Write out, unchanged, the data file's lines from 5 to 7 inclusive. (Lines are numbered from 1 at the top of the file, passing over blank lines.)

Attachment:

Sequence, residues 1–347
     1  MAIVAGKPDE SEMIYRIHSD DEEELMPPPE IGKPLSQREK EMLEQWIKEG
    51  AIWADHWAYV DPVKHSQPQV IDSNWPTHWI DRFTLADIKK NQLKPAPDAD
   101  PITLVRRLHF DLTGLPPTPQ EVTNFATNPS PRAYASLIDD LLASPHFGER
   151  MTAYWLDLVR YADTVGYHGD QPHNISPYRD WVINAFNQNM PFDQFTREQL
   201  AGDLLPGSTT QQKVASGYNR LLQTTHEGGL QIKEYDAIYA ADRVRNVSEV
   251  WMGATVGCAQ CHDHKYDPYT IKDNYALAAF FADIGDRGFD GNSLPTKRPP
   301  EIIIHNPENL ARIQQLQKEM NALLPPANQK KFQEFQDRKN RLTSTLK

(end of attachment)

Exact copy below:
   151  MTAYWLDLVR YADTVGYHGD QPHNISPYRD WVINAFNQNM PFDQFTREQL
   201  AGDLLPGSTT QQKVASGYNR LLQTTHEGGL QIKEYDAIYA ADRVRNVSEV
   251  WMGATVGCAQ CHDHKYDPYT IKDNYALAAF FADIGDRGFD GNSLPTKRPP